Unfair World: Why Are 92 Countries Dependent on Serum's Vaccine?
"Serum, that is contracted to provide vaccines to 92 countries, can only manage to provide to one - that is India."
The story of vaccines to protect the world from the novel coronavirus is an extraordinary one. A month into the pandemic, work had already begun to develop vaccines to fight the virus. Various countries and pharmaceutical companies were pumping in money in R&D, and never-before-seen global cooperation meant we would have several vaccines to fight the pandemic in a very short span of time. While the first generation of vaccines, the mRNA vaccines made the biggest splash, seeds of vaccine nationalism were already beginning to be sown. Even as the big press releases on promising clinical trials were coming in, the developed countries of the world were already blocking all possible available stock.
That's when Oxford's Jenner Institute's vaccine emerged as the 'saviour of the world.' Cheap, easily stored and distributed, and more importantly, Oxford said it would be 'not-for-profit' and they would licence it to manufacturers who had the capacity to make the vaccine.
What Went Wrong?
In an interview with The Quint, Leena Menghaney, a lawyer who has worked extensively on public health and works with Access Campaign at Médecins Sans Frontières (MSF), and Achal Prabhala, coordinator of the AccessIBSA project, the two talk about about COVID vaccines, inequitable access, India role as the 'pharmacy of the world' and our own sluggish vaccination programme.
According to a WHO release, so far, more than 38 million doses of vaccine have been delivered to 98 countries. The Oxford-AstraZeneca vaccine accounts for more than 90% of the vaccines being distributed through COVAX facility, set up to ensure equitable access to the poorest countries.
"Very early on, a handful of countries put in preorders for these vaccines, and made sure they got first in line. At this time, WHO, CEPI and GAVI stepped in and said to the poorest countries 'we've got you,'" says Achal.
He points to two anomalies that stood out - First was India, because India is a poor country but with great manufacturing capacity, and the other was Oxford vaccine that insisted before they exclusively signed a deal with AstraZeneca, that the vaccine should be produced elsewhere, and it entered into a large access agreement with Serum Institute in India, the largest vaccine maker in the world.
Where did WHO, CEPI, COVAX, GAVI go wrong?
Leena alleges that their failure to challenge the big pharma on intellectual property played an important role in the mess. "They were unwilling to challenge AstraZeneca and say that your licensing model needs scrutiny, and we would like to add more manufacturers in India and elsewhere."
Why was an exclusive deal signed with AstraZeneca?
Achal challenges the 'gold standard' label for the AstraZeneca-Oxford deal. 12.5 per cent of vaccines for 4 billion people would have never worked. He says, "Gates Foundation and other organisations advised Oxford to sign a deal with AstraZeneca. COVAX did not challenge the deal and ask for wider licensing. They presumed these vaccines will be enough to take care of the poorest countries in the world." He also calls out COVAX for exclusively trusting western pharmaceutical manufacturers and not signing deals with Chinese and Russian companies that were going to produce 300-400 million vaccines.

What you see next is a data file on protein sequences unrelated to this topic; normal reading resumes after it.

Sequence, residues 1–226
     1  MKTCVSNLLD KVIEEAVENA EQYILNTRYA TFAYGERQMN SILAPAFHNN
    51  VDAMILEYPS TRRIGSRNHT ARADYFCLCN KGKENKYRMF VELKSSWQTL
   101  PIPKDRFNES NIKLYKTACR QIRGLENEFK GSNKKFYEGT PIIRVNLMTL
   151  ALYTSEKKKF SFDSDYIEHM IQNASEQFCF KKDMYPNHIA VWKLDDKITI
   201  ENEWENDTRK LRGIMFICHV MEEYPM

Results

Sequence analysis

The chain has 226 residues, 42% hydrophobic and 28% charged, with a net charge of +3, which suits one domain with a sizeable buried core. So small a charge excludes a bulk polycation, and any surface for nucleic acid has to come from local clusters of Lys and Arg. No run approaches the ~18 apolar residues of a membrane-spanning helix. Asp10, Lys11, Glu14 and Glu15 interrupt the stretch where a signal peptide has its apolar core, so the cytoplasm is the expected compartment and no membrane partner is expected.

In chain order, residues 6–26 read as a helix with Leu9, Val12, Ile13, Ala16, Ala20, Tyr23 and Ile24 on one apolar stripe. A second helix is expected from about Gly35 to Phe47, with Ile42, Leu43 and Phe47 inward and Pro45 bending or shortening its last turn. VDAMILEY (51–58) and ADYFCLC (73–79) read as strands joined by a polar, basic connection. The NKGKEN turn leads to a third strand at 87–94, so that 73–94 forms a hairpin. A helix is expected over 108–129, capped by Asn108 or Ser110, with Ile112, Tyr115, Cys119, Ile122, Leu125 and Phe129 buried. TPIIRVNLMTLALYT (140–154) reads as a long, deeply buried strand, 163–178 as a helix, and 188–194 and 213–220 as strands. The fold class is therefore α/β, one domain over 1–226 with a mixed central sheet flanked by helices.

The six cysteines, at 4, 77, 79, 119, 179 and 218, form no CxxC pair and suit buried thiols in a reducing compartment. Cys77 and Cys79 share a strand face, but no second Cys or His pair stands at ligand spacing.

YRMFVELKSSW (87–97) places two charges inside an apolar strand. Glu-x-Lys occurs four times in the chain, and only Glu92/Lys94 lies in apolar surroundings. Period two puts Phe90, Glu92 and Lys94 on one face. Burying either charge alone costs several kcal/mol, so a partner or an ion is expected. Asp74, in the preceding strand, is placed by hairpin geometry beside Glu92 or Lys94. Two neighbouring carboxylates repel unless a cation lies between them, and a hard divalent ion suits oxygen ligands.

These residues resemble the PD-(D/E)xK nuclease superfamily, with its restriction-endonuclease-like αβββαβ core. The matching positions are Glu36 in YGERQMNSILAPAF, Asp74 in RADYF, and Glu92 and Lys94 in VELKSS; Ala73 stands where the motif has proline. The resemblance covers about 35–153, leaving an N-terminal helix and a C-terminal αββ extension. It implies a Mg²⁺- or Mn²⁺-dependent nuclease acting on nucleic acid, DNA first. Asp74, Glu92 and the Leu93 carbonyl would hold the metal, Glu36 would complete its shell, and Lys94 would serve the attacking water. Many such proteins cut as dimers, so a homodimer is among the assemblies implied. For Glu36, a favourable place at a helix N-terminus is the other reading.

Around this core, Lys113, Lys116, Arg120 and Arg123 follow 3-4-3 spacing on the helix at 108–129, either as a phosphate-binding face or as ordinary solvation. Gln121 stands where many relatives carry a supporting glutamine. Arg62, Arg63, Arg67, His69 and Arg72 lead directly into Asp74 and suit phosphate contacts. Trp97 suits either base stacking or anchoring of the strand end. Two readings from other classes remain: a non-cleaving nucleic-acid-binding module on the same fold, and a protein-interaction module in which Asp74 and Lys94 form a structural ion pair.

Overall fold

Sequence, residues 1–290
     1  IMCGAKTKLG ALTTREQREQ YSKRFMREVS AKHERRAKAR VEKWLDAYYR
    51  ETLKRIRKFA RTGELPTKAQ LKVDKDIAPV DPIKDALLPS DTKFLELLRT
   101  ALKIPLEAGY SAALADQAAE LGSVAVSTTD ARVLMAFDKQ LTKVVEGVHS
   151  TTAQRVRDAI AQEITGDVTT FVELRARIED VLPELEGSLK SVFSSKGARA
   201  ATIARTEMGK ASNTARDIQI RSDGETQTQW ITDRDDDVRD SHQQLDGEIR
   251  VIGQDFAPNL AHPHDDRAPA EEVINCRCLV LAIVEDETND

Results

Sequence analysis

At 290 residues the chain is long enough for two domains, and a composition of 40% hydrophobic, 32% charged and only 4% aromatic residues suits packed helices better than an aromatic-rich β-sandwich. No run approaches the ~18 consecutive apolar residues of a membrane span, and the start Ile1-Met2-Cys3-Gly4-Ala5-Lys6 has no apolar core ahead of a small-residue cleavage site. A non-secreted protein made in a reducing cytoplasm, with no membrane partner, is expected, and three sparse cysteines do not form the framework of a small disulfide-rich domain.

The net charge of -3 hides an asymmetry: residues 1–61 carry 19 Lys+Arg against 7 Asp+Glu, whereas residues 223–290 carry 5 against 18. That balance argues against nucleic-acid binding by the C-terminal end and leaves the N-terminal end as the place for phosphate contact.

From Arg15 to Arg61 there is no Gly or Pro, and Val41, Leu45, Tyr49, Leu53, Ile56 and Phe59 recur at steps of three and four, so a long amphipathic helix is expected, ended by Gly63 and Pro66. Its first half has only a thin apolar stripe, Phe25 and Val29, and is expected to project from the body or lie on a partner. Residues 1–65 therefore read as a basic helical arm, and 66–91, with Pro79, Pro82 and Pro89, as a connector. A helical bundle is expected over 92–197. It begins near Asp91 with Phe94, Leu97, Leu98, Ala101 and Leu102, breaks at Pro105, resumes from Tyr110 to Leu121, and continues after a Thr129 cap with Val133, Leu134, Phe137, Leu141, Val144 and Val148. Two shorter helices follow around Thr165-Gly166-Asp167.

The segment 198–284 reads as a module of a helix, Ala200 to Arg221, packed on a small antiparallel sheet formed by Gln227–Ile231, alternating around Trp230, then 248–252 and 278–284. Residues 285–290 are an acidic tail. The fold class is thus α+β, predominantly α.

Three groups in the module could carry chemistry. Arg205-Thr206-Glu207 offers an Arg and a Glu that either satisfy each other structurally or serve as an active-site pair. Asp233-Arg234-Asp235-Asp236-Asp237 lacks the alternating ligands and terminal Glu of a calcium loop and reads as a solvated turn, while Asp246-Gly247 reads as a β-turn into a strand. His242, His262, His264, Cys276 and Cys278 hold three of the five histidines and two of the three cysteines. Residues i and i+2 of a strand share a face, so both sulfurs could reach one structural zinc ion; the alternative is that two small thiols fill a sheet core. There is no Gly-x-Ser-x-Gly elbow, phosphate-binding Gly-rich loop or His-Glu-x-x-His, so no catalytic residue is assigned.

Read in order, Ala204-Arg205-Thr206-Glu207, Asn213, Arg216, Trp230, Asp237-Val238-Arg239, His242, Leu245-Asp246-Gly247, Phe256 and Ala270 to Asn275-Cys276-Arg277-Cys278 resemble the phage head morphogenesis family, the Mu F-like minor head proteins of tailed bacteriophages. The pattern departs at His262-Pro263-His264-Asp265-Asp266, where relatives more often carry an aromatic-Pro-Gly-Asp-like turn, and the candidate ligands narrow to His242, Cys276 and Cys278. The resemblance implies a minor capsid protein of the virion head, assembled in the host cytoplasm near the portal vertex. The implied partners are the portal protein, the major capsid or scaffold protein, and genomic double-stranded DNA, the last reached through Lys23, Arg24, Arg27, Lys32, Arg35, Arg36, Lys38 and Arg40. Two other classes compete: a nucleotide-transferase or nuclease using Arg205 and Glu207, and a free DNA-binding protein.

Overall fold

How did India add to the mess?
Achal says India's wake-up call that it needed vaccines to inoculate its very large population came in too little, too late.
"Indian government suddenly woke up to its population in January and followed up with ordering only 10 million doses with Serum Institute. They followed that up with another 25 million, 25 million, and now suddenly 100 million."
This has halted all exports from Serum Institute. So Serum, that is contracted to provide vaccines to 92 countries, can only manage to provide to one in the foreseeable future - that is India.
Does Canada and the UK deserve to take the vaccines meant for the poorest countries?
Leena says this is a big scandal made possible due to one contract obligation that if AstraZeneca could not meet its requirements, Serum would step in. Serum was contracted to provide its vaccine to 92 of the poorest countries.
"You are diverting vaccines meant for the poorest world to countries that have already vaccinated 50 percent of its population," says Leena.
Why aren't regulatory authorities like Competition Commission in India opening up these contracts to scrutiny and questioning what is happening?
Open Inoculation for All: But these are not India's vaccines
"These are not India's vaccines," says Achal. 35 percent of Serum's vaccines were meant to be India's vaccines, but there was an understanding that 50 percent would go to India. So already, India was pulling in more than its fair share.
"What's absurd is that these countries that want Serum's vaccines, like the UK, Canada, Brazil are the same countries that are blocking India and South Africa's proposal to waive pharmaceutical monopolies at the World Trade Organisation to create greater vaccine supply."
What could India have done to improve its own vaccine access?
To begin with, both Achal and Leena point out that India needed to have provided better infrastructural, R&D support, capital infusion and cut through red tape for its own pharma companies. It should have created wider licenses, got speedier access to companies wanting to come in.
Leena also says that the regulatory authorities need to look at the kind of licensing agreements that Sputnik V has with five pharmaceutical companies in India, and to look at the contract that Biological E has with Johnson & Johnson's single dose vaccine.
We need to do all of this to open up better access to vaccines, else we'll be scrambling for vaccines six months, one year down the line.
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